Putting a number to this phenomenon depends, partly, on how one defines cli-fi. How much of a novel has to be devoted to climate change before it is considered cli-fi? Should we restrict the term to novels about man-made global warming? (If we don’t, we should remember that narratives about global climatic change are as old as The Epic of Gilgamesh and the Biblical story of the flood.) If we define cli-fi as fictional treatments of climate change caused by human activity in terms of setting, theme or plot – and accept there will be grey areas in the extent of this treatment – a conservative estimate would put the all-time number of cli-fi novels at 150 and growing. This is the figure put forward by Adam Trexler, who has worked with me to survey the development of cli-fi.

This definition also gives us a start date for cli-fi’s history. While planetary climatic change occurs in much 20th-century science fiction, it is only after growing scientific awareness of specifically man-made, carbon-induced climate change in the 1960s and 1970s that novels on this subject emerged. The first is Arthur Herzog’s Heat in 1976, followed by George Turner’s The Sun and the Summer (published in the US as Drowning Towers) in 1987.

At the turn of this century, Maggie Gee and TC Boyle were among the first mainstream authors to publish climate change novels. In this century, we can count Atwood, Michael Crichton, Barbara Kingsolver, Ian McEwan, Kim Stanley Robinson, Ilija Trojanow and Jeanette Winterson as major authors who have written about climate change. The past five years have given us notable examples of cli-fi by emerging authors, such as Steven Amsterdam, Edan Lepucki, Jane Rawson, Nathaniel Rich and Antti Tuomainen.

Creative challenges

Cli-fi is all the more noteworthy considering the creative challenge posed by climate change. First, there is the problem of scale – spatial and temporal. Climate change affects the entire planet and all its species – and concerns the end of this planet as we know it. Novels, by contrast, conventionally concern the actions of individual protagonists and/or, sometimes, small communities.

Added to this is the networked nature of climate change: in physical terms, the climate is a large, complex system whose effects are difficult to model. In socio-cultural terms, solutions require intergovernmental agreement – just what COP21 intends – and various top-down and bottom-up transformations. Finally, there exists the difficulty of translating scientific information, with all its predictive uncertainty, into something both accurate and interesting to the average reader.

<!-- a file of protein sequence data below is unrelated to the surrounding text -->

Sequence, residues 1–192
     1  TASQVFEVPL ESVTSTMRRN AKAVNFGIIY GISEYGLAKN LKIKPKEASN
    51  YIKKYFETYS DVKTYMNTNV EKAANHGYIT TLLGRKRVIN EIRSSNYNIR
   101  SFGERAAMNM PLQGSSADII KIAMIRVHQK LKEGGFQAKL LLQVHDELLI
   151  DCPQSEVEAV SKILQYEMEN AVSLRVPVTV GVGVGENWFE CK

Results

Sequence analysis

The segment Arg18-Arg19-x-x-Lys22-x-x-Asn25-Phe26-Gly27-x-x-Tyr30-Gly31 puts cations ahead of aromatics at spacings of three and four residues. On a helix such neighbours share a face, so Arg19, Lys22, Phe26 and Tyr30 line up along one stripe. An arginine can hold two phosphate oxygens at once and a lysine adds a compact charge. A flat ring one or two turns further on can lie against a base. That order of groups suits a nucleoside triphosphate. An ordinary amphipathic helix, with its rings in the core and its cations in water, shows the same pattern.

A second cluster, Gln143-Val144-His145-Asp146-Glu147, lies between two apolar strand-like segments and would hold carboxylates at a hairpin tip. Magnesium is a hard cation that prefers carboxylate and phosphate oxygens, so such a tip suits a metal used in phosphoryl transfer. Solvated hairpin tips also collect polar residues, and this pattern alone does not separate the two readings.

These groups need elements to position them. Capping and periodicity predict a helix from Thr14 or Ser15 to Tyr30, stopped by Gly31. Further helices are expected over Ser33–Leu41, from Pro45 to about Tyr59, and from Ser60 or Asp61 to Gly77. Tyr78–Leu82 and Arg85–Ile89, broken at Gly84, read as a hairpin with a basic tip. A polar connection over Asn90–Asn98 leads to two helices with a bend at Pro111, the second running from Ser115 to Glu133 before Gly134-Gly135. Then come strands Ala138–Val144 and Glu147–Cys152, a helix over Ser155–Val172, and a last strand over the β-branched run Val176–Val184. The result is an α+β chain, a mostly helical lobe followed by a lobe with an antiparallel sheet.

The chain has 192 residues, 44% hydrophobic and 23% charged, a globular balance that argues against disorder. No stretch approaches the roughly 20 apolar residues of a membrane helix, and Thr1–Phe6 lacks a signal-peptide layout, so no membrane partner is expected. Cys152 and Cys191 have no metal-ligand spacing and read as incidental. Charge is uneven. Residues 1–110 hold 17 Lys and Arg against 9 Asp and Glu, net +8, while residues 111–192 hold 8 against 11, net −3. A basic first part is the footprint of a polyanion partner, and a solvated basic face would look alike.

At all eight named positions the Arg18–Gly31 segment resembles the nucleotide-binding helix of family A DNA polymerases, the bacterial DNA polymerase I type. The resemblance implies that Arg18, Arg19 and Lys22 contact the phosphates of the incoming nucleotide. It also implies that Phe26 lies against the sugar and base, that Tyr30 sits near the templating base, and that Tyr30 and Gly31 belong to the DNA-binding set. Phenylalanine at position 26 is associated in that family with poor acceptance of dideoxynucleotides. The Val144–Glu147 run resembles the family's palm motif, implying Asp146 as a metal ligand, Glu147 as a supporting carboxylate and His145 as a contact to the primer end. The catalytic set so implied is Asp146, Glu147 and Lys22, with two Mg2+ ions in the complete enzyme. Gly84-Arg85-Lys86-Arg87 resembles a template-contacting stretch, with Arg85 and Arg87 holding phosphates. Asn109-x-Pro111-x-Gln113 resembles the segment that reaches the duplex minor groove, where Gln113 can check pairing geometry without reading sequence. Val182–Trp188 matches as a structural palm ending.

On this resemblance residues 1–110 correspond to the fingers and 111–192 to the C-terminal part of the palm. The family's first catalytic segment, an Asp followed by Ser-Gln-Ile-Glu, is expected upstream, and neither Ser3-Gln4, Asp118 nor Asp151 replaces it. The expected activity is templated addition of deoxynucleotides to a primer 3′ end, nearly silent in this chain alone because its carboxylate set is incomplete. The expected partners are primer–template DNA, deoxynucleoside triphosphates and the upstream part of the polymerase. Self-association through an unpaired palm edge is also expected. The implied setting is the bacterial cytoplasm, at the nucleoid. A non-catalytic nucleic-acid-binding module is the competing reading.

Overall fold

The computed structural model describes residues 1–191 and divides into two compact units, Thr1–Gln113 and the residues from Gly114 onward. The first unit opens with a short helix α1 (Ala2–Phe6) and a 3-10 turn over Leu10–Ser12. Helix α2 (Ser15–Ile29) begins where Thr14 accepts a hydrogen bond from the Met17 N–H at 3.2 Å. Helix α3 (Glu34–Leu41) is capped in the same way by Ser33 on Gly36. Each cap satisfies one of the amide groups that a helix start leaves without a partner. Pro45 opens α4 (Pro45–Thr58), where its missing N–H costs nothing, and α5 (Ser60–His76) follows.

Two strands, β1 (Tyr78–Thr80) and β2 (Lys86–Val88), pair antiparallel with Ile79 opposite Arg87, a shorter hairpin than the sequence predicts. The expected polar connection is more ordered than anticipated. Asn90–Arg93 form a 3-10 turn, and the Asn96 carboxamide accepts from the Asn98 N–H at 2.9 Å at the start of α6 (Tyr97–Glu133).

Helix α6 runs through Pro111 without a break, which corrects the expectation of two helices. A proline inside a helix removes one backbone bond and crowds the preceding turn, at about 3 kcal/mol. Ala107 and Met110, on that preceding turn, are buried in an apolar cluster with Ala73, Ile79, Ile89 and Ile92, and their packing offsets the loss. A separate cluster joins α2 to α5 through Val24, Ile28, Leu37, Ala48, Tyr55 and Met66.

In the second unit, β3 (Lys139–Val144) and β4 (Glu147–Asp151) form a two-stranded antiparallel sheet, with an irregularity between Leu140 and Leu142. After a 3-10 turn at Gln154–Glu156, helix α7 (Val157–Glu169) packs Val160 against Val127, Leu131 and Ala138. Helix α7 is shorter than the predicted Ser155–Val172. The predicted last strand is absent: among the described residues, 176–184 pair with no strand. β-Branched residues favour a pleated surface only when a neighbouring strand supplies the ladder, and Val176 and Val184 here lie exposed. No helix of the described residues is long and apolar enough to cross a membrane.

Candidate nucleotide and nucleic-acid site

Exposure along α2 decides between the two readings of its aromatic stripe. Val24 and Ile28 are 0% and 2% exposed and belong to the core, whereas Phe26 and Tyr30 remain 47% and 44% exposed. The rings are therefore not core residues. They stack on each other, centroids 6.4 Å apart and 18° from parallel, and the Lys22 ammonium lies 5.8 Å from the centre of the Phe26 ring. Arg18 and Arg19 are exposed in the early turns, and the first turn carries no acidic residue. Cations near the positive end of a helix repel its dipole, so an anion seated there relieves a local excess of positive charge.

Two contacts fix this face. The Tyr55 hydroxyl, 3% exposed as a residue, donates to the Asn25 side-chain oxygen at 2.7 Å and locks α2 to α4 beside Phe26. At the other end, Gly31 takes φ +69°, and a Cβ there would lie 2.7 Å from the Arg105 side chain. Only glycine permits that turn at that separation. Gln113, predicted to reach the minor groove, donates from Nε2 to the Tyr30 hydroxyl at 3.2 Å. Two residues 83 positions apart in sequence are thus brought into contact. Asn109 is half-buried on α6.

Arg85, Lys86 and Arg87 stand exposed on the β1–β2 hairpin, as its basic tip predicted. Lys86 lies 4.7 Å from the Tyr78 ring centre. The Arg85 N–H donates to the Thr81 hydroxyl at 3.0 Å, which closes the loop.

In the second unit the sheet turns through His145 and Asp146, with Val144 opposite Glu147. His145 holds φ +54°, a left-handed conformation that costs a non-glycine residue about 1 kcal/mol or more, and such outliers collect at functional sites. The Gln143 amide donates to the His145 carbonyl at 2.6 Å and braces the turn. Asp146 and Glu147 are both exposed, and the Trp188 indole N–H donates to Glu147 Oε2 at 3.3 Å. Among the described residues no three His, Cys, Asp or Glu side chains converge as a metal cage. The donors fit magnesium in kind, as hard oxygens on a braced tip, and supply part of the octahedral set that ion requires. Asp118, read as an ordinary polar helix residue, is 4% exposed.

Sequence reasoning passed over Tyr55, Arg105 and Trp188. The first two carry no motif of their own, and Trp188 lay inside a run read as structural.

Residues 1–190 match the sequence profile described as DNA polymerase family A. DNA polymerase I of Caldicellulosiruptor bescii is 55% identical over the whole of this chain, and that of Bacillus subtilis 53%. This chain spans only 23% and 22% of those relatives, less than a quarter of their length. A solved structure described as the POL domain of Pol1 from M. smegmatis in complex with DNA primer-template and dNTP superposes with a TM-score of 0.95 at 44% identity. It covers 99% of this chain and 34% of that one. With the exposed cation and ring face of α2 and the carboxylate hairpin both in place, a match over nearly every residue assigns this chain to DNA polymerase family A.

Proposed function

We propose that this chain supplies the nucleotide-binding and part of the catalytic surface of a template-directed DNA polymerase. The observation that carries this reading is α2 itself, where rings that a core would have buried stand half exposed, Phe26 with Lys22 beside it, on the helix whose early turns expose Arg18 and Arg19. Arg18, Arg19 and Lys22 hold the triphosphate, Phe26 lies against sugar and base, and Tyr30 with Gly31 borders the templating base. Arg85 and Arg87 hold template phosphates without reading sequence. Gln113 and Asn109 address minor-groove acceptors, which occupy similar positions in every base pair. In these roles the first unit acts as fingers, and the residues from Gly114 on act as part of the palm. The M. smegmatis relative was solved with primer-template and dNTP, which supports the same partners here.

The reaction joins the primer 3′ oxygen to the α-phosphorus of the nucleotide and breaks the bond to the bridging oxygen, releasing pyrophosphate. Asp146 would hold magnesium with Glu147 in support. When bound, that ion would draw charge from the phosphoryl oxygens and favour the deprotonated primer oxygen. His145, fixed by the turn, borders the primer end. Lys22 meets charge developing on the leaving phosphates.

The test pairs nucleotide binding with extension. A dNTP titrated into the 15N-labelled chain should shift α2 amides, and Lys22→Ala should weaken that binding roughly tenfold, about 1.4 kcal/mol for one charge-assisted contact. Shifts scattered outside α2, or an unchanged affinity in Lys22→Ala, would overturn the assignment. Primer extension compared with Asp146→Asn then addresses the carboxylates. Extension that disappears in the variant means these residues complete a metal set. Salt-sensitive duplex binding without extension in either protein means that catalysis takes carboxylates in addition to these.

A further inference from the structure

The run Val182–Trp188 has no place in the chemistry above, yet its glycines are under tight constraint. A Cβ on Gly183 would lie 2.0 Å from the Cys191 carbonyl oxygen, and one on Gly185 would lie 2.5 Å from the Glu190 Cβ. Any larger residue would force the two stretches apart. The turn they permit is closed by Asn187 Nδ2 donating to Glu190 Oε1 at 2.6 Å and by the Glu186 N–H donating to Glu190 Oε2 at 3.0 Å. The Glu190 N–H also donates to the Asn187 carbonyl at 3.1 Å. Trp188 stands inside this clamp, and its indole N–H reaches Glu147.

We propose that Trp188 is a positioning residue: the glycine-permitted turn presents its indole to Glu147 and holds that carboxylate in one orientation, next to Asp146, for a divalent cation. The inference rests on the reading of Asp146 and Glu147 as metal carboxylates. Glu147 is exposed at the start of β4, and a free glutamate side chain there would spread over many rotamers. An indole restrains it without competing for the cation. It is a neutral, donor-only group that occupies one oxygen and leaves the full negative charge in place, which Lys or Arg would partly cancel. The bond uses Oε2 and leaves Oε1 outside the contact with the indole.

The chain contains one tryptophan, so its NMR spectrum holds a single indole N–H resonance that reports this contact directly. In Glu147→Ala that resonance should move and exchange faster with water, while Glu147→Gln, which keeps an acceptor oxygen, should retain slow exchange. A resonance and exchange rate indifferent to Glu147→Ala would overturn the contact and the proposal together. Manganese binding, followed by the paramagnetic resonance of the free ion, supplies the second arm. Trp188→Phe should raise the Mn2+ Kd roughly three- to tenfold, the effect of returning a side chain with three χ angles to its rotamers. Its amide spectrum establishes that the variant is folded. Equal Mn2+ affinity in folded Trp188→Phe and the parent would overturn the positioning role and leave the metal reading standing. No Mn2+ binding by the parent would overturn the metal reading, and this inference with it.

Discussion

Still, cli-fi writers have adopted a range of strategies to engage their readers. Many cli-fi novels could be classified as dystopian, post-apocalyptic or, indeed, both – depicting nightmarish societies triggered by sometimes catastrophic climate events. A future world is one effective way of narrating the planetary condition of climate change.

Some novelists are also careful to underpin their scenarios with rigorous climatic predictions and, in this way, translate science fact into a fictional setting. Kingsolver, who trained as an ecologist, is the best example of this – and Atwood and Robinson are also known for their attempts at making their speculations scientifically plausible. Also, cli-fi novels, particularly those set in the present day or very near future rather than in a dystopian future, tend to show the political or psychological dimensions of living with climate change. Readers can identify with protagonists. To some extent, the global community is represented in fictional everymen or everywomen. Or, often, it is through such characters that science is humanised and its role in combating climate change better understood.

Can cli-fi lead to change?

Could cli-fi affect how we think and act on climate change? The paradox is that the harder cli-fi tries, the less effective it is. Many writers want to inspire change, not insist on it: the line between literature and propaganda is one that most novelists respect. Literature invites us to inhabit other worlds and live other lives. Cli-fi at its best lets us travel to climate-changed worlds, to strive there alongside others and then to return armed with that experience.

In Paris, the UN will seek a global agreement on climate action for the first time in more than 20 years. There is plenty of climate change fiction out there to help provide the mental and psychological space to consider that action.

The Conversation

Adeline Johns-Putra, Reader in English Literature, University of Surrey

This article was originally published on The Conversation. Read the original article.